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Arts and Entertainment

Movie Review: Charlie Bartlett

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Anton Yelchin and Kat Dennings moon over each other in the shithouse | Photo courtesy of MGM

Charlie Bartlett is the hardest type of film to review because even though it misses, it doesn't miss by terribly much. After watching it and thinking about it for awhile, I kept returning to an Australian movie I saw last summer, Introducing the Dwights. Like Charlie Bartlett it was a film built on a curio of a script and some fiercely memorable performances (I'm still thinking about Emma Booth), but also like Charlie Bartlett it failed as a film because it ultimately made some narrative decisions that crippled it.

The worst choice made in Charlie Bartlett--the choice that kills it--is the timid way in which it treats its potentially dark and rich subject matter. A wealthy, slightly unbalanced kid turning his fellow students on to the wonders of pharmacology all while schtupping the principal's loopy daughter is a great premise. Indeed, Charlie Bartlett as envisioned by a provocateur like Larry Clark would have been a searing and unnerving film. In its current state, though--almost yearning to be liked--it's just too limp and wan.

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You can have your Johnny Depp. I'll take Robert Fucking Downey Jr. | Photo courtesy of MGM

What's so terrible about its timidity is that it comes relatively late in the film. After its quick opening set-up (funny), the film sets its titular star on a serious collision course with the authority around him (compelling). Just when things start to come to a head, though, an awful die is cast: (spoiler, but obvious well in advance) one of the kids tries to commit suicide by overdosing on some of the pills that Charlie sold him. And what happens next? Well...nothing really. Charlie is told not to do it again and that's that. That's that. That's that?!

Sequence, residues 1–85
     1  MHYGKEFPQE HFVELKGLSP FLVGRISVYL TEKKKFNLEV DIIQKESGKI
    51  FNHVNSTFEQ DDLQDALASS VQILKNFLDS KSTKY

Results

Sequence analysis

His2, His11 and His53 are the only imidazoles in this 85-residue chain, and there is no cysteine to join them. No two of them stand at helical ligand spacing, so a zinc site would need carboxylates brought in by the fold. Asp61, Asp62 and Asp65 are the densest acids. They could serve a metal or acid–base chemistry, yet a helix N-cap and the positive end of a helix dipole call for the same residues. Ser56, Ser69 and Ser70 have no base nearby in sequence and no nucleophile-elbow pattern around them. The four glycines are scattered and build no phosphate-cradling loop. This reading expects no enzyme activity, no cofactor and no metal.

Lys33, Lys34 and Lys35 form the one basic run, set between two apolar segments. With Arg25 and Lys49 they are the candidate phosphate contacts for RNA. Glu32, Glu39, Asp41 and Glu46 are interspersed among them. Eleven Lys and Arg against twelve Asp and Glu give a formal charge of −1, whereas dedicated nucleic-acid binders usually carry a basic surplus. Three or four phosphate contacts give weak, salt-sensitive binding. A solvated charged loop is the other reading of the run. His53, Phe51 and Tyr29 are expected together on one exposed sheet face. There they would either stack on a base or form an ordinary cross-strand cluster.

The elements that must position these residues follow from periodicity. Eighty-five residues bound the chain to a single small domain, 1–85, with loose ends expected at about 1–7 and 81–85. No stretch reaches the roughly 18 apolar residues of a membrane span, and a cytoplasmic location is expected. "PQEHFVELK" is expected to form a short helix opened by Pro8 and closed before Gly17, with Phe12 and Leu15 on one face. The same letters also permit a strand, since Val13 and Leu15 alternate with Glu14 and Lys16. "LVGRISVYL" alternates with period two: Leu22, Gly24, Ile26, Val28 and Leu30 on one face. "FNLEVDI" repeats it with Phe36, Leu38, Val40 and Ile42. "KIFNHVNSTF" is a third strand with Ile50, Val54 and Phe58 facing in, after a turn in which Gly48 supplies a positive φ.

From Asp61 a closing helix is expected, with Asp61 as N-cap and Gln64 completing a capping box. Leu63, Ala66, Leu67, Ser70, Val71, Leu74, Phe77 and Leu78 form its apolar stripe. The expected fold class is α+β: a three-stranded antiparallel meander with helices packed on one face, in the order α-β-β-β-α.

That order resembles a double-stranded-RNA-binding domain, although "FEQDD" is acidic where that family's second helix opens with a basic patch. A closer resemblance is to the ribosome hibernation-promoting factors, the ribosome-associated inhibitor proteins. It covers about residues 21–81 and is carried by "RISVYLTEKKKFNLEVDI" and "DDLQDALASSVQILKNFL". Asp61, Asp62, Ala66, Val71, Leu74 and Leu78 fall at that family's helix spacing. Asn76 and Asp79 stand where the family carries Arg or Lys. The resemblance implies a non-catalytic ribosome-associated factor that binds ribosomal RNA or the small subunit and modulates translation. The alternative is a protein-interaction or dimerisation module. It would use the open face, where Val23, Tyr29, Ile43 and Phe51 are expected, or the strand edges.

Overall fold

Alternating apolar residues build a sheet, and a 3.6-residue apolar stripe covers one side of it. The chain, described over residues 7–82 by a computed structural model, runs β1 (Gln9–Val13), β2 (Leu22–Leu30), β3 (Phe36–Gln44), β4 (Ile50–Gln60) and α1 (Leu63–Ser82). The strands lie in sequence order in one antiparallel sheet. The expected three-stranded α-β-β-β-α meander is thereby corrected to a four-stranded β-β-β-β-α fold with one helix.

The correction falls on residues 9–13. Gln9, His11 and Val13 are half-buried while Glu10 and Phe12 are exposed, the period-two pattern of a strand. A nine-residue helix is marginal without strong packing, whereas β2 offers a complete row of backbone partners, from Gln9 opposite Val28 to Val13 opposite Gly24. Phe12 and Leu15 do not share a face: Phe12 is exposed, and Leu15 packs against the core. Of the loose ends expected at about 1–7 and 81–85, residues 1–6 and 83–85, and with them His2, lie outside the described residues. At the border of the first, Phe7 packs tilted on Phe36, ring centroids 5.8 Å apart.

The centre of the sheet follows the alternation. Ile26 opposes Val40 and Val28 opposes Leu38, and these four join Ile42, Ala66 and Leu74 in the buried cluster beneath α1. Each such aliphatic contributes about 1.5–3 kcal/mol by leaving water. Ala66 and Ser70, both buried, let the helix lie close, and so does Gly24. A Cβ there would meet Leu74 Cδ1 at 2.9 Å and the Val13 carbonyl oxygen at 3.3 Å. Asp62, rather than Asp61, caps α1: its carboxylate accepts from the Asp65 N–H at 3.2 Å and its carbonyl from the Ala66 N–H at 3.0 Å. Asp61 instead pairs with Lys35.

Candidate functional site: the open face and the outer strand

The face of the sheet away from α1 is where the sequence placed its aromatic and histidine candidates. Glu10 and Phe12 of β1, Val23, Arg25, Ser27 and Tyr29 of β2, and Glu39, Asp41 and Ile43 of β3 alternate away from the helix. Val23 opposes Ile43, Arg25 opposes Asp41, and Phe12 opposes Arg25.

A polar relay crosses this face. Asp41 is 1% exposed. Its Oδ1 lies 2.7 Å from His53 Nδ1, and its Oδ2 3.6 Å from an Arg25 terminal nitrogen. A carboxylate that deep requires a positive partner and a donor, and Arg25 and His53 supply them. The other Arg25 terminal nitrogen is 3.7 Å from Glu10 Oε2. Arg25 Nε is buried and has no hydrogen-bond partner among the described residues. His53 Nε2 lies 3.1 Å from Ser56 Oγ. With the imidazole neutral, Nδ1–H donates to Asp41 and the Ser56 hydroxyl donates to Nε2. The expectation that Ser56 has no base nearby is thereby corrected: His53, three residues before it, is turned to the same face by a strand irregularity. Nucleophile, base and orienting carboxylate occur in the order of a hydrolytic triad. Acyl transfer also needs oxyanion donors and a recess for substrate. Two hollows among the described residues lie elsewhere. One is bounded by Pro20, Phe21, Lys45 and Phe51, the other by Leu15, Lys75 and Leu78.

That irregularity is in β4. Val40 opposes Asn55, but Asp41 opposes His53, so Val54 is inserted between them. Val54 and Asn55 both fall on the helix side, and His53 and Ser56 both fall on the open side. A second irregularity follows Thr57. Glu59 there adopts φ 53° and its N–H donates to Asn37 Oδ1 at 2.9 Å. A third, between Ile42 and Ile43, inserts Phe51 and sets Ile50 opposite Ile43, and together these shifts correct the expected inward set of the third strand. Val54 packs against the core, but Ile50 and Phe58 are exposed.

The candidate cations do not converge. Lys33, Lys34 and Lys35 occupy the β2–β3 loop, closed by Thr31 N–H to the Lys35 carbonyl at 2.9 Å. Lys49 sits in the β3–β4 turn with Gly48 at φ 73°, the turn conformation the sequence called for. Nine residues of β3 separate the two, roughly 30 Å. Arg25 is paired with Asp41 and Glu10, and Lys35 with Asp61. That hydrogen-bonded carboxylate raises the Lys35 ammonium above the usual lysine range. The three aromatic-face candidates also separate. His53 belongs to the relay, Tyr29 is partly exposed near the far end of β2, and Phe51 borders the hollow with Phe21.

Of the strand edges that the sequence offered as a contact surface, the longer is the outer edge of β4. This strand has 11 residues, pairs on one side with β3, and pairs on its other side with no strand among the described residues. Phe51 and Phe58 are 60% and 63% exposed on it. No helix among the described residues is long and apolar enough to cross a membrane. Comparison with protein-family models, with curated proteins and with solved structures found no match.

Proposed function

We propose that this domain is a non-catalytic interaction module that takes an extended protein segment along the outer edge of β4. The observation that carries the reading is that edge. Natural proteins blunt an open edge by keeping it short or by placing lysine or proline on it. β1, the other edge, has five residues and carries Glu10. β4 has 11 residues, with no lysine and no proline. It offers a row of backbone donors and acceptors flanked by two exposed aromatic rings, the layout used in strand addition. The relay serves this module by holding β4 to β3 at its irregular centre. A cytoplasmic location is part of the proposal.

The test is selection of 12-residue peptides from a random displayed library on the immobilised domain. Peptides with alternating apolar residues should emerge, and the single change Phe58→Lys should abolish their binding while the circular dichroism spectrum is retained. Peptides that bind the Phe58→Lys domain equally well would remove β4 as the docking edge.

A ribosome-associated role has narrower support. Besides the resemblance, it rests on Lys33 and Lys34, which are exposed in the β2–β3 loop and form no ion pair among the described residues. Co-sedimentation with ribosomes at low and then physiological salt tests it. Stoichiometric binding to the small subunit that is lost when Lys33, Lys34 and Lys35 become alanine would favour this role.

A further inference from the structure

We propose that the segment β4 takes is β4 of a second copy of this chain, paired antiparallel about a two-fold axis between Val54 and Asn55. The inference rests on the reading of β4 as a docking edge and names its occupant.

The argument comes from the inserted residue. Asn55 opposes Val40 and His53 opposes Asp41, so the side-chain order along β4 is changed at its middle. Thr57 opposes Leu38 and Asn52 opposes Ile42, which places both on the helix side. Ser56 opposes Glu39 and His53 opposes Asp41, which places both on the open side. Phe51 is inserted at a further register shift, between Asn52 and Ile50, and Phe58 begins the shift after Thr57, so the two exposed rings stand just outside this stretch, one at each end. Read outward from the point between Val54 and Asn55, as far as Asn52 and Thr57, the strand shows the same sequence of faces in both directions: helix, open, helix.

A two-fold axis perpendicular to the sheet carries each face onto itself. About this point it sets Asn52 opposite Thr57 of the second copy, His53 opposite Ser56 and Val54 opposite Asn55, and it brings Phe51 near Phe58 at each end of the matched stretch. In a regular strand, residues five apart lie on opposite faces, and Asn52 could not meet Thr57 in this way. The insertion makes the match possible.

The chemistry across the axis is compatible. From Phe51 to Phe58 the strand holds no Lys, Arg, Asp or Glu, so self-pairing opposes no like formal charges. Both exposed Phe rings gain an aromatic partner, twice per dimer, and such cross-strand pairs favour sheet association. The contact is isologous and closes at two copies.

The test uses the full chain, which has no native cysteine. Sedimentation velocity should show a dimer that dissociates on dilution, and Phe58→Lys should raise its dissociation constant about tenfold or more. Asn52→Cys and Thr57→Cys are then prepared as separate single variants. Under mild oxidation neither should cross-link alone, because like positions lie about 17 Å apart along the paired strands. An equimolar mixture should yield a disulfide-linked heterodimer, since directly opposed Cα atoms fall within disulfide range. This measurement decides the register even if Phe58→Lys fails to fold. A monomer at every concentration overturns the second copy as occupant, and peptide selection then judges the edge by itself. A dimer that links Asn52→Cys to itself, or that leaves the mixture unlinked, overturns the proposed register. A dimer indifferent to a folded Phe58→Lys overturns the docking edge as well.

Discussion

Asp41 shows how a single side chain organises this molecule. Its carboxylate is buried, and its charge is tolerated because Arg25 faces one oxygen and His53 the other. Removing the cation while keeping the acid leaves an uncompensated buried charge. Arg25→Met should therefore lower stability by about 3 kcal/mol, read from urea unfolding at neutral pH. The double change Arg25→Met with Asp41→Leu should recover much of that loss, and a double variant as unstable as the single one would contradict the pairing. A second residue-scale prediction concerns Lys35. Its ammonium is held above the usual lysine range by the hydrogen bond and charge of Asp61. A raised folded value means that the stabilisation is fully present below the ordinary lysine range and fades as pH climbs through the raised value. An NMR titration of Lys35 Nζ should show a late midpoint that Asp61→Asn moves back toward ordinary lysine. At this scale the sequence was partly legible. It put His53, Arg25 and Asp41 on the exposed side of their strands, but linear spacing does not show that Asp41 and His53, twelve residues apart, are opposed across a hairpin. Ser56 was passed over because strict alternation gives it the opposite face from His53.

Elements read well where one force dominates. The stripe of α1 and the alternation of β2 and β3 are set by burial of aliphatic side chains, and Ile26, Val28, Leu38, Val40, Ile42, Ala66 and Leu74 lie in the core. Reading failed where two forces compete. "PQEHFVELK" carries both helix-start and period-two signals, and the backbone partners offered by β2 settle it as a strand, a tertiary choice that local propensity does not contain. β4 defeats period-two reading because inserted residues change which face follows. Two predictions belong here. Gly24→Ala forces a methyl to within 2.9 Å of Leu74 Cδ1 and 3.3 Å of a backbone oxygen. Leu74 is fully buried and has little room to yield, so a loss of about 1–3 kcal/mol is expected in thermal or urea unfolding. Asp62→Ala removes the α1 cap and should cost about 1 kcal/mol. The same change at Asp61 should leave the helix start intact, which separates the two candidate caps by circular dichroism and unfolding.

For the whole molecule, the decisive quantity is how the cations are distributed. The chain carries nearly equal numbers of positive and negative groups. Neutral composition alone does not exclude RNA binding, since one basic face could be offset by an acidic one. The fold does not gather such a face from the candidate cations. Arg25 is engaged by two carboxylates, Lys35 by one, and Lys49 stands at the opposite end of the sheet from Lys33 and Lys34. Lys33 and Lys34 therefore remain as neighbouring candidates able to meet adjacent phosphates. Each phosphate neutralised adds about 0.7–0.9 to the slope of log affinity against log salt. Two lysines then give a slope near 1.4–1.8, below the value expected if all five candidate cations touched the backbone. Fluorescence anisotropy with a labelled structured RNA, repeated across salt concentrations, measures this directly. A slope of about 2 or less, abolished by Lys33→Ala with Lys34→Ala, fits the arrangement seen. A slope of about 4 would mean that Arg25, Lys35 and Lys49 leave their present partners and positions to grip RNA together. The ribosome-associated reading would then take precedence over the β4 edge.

Look, in no way do I look to movies to impart any moral lessons to society. What I do ask of them, however, is to make decisions that are consistent with the reality they've created. Is it even remotely--remotely--plausible that a hugely prolific teen-age prescription drug dealer would simply walk away unscathed after one of his "patients" tried to off himself? What's worse, the movie seems to forget the whole thing even happened for the last 30 minutes of the film! It's as if one movie ended and a new one began.

In this new movie, Charlie is some sort of folk anti-hero who the students rally around in an effort to rid the school of its unseemly video surveillance. Ultimately, though, Charlie quells their nascent rebellion by reminding them that all they really need to do to be happy is to...well, be happy with themselves. Then he's arrested. Then there's a play about how teenagers are misunderstood. Huh? I love movies with complex, convoluted plots but in the case of Charlie Bartlett I just caught a whiff of desperation in its final, thrashing machinations.

Charlie Bartlett might have worked if it were content being nothing more than a wicked, funny film about adult hypocrisy, teenage angst--you know, the usual adolescent stuff. Instead, it tries to say something significant and stumbles over itself in the process. I won't tell you not to see it because, frankly, I believe America should see every movie in which national treasure Robert Downey Jr. appears. What I will say is lower your expectations and you might just get by. Maybe that should have been the wisdom that Charlie Bartlett imparted to his fellow students. God knows I could have used that advice in high school.

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